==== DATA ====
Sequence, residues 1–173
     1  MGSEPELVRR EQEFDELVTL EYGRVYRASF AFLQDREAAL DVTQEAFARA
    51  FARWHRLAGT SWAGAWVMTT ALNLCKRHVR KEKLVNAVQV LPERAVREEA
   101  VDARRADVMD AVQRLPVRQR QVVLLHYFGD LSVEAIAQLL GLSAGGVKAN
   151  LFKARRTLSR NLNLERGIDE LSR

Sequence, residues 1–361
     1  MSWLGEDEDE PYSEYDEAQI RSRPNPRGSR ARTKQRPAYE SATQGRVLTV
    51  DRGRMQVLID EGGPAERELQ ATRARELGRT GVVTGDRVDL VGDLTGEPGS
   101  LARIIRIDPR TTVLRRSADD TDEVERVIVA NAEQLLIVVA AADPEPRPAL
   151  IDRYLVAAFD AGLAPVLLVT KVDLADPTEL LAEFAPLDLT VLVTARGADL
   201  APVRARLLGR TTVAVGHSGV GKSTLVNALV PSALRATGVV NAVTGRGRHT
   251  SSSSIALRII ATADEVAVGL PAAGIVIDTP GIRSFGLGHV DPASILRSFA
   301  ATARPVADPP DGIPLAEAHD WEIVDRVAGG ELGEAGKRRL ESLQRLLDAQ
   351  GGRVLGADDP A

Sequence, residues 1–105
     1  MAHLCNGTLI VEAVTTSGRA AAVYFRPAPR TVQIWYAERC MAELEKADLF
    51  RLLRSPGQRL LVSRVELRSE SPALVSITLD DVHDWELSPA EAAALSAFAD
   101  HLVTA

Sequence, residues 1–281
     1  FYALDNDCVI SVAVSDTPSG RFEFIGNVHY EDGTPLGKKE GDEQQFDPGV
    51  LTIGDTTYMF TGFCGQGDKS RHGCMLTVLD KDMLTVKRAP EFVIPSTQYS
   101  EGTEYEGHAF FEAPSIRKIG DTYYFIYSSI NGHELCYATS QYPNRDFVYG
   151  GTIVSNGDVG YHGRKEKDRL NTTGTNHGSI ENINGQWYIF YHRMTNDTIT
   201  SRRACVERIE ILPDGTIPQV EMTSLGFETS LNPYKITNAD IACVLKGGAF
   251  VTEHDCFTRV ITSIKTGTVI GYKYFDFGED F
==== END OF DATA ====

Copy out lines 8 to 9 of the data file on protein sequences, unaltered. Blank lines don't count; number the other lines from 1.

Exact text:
    51  DRGRMQVLID EGGPAERELQ ATRARELGRT GVVTGDRVDL VGDLTGEPGS
   101  LARIIRIDPR TTVLRRSADD TDEVERVIVA NAEQLLIVVA AADPEPRPAL